I was in the designers’ section of Raj Rewal’s Sheikh Sarai office in Delhi when the main chamber called for me to come. The company’s director, architect and urban designer, Raj Rewal, was in the room. “To a sincere, young man, May you flourish in your prospects,” he wrote, inscribed on a book he gave me. Furthermore, the work was based on a conversation between Raj Rewal and Ramin Jahanbegloo, an Iranian philosopher and professor at a university in Toronto.
I opened the book to begin reading it, and the first thing I noticed was this:
According to Mies van der Rohe, “Architecture is the will of an epoch translated into space.”
The book’s preface refers to Ludwig (Mies), which establishes the tone for the narrative concerning the architect’s designs. Ludwig Mies van der Rohe, a German-American architect, shares credit alongside Alvar Aalto, Le Corbusier, Walter Gropius, and Frank Lloyd Wright as one of the pioneers of modernist architecture.
Talking Architecture, is the book that takes you on a journey through Raj Rewal’s early years, young adulthood, academic career, and professional life. It expresses his past feelings, lifelong love, and intense commitment to his career. An architect inspired by Gandhi and Nehru designed the most socialist, secular architecture when given a chance to show off his skills.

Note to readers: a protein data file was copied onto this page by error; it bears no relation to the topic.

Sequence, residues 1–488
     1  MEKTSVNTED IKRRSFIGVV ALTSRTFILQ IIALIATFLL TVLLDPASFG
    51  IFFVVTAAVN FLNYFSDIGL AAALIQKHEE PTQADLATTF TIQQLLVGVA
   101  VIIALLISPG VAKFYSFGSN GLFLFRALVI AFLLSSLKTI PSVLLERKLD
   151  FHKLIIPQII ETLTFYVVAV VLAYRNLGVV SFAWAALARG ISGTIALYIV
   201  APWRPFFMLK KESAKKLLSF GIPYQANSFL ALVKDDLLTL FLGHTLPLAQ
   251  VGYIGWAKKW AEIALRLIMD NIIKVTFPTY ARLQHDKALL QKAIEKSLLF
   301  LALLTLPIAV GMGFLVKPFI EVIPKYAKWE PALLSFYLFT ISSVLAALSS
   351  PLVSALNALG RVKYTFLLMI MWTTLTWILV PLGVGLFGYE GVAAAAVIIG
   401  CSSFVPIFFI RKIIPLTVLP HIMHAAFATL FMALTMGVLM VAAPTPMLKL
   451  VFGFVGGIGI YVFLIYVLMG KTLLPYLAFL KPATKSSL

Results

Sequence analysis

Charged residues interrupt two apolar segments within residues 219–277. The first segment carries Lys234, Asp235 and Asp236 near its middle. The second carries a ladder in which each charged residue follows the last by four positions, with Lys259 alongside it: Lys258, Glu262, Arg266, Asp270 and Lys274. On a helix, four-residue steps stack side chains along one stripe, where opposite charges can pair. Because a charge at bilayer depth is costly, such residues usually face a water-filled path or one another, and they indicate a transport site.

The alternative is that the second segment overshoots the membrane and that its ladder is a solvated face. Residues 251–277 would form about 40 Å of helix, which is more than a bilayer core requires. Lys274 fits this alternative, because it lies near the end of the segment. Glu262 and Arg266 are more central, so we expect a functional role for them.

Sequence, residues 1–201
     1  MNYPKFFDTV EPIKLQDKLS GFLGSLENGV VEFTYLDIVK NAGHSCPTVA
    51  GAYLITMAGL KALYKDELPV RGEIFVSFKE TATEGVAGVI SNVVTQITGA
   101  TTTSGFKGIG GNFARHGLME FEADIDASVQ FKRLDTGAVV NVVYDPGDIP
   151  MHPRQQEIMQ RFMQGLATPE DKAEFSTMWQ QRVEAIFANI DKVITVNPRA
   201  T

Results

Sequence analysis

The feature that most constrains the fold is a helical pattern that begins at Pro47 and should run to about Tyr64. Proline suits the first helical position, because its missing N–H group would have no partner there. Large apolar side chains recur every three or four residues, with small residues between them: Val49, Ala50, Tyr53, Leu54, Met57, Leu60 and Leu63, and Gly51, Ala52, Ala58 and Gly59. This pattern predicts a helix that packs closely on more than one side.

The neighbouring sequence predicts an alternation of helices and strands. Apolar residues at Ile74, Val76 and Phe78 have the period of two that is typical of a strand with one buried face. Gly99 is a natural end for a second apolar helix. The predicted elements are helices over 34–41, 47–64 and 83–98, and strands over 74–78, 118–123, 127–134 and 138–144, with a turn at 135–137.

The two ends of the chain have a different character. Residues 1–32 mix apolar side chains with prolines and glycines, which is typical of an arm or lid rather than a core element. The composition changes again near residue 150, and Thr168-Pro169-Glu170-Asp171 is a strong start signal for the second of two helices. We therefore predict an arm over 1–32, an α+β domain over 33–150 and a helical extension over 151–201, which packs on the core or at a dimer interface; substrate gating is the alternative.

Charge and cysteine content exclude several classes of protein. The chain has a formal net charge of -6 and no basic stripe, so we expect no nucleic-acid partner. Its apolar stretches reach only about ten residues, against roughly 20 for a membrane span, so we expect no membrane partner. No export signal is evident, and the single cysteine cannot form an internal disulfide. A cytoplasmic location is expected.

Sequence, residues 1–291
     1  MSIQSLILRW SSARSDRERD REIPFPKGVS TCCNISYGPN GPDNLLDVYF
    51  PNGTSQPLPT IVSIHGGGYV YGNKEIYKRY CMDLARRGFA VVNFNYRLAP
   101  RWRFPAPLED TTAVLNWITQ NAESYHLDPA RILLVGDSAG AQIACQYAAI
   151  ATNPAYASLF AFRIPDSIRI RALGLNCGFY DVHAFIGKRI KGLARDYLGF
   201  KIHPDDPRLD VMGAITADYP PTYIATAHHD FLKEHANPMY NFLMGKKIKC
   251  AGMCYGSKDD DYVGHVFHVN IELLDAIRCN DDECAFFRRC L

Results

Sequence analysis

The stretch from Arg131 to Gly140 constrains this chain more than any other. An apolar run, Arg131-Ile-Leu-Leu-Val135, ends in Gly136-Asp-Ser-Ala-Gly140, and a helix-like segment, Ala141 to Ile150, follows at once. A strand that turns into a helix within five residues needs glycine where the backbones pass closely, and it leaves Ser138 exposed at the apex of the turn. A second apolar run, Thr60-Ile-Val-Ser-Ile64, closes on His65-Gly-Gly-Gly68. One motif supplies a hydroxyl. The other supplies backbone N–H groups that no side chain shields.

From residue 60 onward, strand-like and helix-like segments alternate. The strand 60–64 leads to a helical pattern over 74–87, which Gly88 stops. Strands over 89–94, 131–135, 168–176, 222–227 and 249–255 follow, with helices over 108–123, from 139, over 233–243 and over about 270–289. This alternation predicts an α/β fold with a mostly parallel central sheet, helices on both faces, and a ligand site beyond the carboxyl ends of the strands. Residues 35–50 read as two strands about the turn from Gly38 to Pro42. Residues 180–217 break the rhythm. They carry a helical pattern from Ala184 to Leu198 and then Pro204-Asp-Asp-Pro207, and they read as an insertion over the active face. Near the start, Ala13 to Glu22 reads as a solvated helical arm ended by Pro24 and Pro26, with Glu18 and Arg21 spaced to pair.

The book is organised into four major sections or the five phases of architect Raj Rewal’s life. The first section describes his journey from Hoshiarpur to Paris. Beginning in the small Punjabi town of Hoshiarpur, Raj Rewal advances to the AA after the School of Planning and Architecture in Delhi. This includes an account of his early years, school memories, the anguish of partition, and what it meant to be a Muslim in such difficult antagonistic circumstances. It also describes his journey from Delhi to overseas, his experiences with love, and the tale of his unconventional marriage to a French lady.
Raj Rewal completed his architectural education in London and Paris, where he also worked on a number of artistic and professional projects, before moving to India in 1962.
The blueprint in the form of this book, provides extensive information on the processes necessary to become The Raj Rewal of the architecture world. The book’s preface offers an outline and synopsis of Raj Rewal’s work. Based on several interviews with the architect, the book mainly consists of a conversation between Jahanbegloo and Rewal in which they debate both the latter’s accomplishments and the state of architecture in general.
One who has never been exposed to architectural features can instantly recognise the components that makeup Raj Rewal’s architectural language, whether they are touring Raj Rewal’s office or one of his completed architectural works. The same can be said for this exciting exploration into the life and times of architect Raj Rewal.